The power of monetary policy derives from the unique ability of central banks to create liabilities with an exogenous rate of return (typically zero) that must be accepted as payment for any other asset or commodity. To ease policy, a central bank creates paper currency or bank reserves to buy financial assets and push their prices upward. If a central bank limits its purchases to short‐term risk‐free bonds, it may indeed reach an upper bound on asset prices that corresponds to the lower bound on interest rates.5 However, there is no fundamental reason to restrict central bank balance sheets to short‐term risk‐free assets. The central bank can push up the price of any bond with a yield above zero and can always push up the prices of real assets such as equity and real estate.6 It can also push up the prices of assets in foreign currencies by depreciating the exchange rate.7 All of these actions raise nominal wealth, stimulate growth, and support inflation.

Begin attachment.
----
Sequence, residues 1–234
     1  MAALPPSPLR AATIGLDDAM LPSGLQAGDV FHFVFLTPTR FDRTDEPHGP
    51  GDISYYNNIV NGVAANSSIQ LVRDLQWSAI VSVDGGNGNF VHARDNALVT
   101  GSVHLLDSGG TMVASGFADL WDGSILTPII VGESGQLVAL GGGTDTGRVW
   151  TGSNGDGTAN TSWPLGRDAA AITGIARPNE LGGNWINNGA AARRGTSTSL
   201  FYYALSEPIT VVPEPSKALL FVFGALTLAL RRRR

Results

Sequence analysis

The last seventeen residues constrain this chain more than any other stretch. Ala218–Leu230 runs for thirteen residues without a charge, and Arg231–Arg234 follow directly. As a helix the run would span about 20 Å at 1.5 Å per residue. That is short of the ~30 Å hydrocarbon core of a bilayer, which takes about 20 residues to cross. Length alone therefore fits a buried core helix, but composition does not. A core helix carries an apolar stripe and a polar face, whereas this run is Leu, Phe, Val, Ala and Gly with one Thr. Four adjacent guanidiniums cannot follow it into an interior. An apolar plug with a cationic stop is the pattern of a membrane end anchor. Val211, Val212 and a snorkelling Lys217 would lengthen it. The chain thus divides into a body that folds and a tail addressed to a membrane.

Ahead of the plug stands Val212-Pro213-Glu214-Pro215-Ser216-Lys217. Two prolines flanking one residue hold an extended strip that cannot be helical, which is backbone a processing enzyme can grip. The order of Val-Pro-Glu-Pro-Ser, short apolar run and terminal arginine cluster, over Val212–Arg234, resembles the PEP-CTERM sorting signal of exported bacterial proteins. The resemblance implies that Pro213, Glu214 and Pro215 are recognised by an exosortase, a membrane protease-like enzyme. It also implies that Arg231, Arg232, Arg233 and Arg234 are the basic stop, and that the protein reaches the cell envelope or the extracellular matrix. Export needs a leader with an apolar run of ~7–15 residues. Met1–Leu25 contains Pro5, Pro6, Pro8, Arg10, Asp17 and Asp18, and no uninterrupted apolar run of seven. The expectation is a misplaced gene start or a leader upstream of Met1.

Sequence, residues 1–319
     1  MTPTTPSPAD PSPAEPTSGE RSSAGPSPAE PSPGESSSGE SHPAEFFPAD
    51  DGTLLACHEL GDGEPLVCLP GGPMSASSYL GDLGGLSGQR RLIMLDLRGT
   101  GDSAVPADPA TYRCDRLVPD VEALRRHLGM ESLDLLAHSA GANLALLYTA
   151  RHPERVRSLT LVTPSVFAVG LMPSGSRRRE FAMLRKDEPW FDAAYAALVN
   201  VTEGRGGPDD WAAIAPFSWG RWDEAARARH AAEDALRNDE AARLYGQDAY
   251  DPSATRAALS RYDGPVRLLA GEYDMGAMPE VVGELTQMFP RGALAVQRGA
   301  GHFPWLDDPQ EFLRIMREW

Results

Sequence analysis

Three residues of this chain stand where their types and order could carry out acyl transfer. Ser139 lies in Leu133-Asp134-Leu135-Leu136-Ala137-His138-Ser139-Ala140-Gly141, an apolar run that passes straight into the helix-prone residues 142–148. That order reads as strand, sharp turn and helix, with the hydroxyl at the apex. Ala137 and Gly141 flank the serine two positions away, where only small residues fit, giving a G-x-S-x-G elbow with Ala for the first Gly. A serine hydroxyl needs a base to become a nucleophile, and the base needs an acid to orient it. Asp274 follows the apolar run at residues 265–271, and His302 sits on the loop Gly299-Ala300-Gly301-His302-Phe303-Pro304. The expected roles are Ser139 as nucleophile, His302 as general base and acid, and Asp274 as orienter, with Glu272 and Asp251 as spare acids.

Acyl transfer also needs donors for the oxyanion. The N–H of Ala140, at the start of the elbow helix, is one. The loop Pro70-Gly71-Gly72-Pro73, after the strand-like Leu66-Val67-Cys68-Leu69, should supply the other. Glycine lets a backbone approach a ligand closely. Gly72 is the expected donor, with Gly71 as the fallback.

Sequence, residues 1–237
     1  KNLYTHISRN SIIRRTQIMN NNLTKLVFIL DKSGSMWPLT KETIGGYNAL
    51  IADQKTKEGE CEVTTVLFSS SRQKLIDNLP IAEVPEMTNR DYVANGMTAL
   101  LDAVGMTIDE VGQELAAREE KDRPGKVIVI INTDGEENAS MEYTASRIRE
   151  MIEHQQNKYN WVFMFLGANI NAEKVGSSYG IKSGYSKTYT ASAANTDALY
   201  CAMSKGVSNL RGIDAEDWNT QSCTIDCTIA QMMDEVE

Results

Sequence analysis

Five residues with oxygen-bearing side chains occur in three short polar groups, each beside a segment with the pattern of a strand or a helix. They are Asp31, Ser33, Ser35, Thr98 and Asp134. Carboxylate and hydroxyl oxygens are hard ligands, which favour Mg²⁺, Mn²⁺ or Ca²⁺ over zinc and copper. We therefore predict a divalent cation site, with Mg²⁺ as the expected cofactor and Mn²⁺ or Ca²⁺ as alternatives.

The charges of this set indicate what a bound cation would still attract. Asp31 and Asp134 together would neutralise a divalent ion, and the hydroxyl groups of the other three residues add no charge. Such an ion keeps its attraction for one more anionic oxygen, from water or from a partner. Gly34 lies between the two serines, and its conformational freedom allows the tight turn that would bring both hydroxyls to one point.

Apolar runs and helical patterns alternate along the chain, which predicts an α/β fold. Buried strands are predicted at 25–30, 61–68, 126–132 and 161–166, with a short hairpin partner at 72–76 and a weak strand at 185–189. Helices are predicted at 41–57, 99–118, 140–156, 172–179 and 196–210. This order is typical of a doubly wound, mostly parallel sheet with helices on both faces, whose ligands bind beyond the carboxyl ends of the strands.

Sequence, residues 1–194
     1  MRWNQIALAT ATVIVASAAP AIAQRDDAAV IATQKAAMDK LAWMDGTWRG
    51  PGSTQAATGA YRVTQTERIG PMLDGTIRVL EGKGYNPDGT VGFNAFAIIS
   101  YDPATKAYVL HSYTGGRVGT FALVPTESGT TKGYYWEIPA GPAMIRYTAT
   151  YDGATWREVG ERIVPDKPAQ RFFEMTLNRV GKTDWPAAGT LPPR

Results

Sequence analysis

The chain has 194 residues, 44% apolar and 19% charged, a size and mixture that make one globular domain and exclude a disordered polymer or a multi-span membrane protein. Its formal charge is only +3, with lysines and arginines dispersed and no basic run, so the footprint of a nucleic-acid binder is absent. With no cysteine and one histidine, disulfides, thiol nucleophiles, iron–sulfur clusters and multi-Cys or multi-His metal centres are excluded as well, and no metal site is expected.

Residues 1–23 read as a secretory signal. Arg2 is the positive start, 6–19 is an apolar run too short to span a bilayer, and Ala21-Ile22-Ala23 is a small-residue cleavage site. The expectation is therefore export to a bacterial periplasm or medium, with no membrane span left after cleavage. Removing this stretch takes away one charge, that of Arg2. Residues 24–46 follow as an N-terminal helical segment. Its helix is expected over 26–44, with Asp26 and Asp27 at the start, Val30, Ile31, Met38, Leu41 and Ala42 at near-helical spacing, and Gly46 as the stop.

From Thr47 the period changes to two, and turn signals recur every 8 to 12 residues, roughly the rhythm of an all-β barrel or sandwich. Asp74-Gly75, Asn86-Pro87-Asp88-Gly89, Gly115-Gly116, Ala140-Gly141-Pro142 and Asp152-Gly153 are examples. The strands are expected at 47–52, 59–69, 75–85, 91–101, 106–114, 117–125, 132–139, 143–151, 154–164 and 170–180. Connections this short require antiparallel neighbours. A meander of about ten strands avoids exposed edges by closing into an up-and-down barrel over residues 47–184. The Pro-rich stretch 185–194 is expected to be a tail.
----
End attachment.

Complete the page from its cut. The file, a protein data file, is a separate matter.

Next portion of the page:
Milton Friedman (1969) famously proposed another form of monetary policy, distributing currency to the general public by dropping it from a helicopter. No central bank has ever conducted policy in this way (even by means other than a helicopter). Indeed, it is not clear that central banks have the legal authority to do so. Transfers to the public are generally considered to be the domain of fiscal policy. Consider the following definitions of expansionary monetary and fiscal policy:
• A monetary expansion is the creation of money to buy assets with the goal of raising their prices and reducing their rates of return.
• A fiscal expansion is the sale of assets (bonds) to fund government spending, tax cuts, and transfers to the public.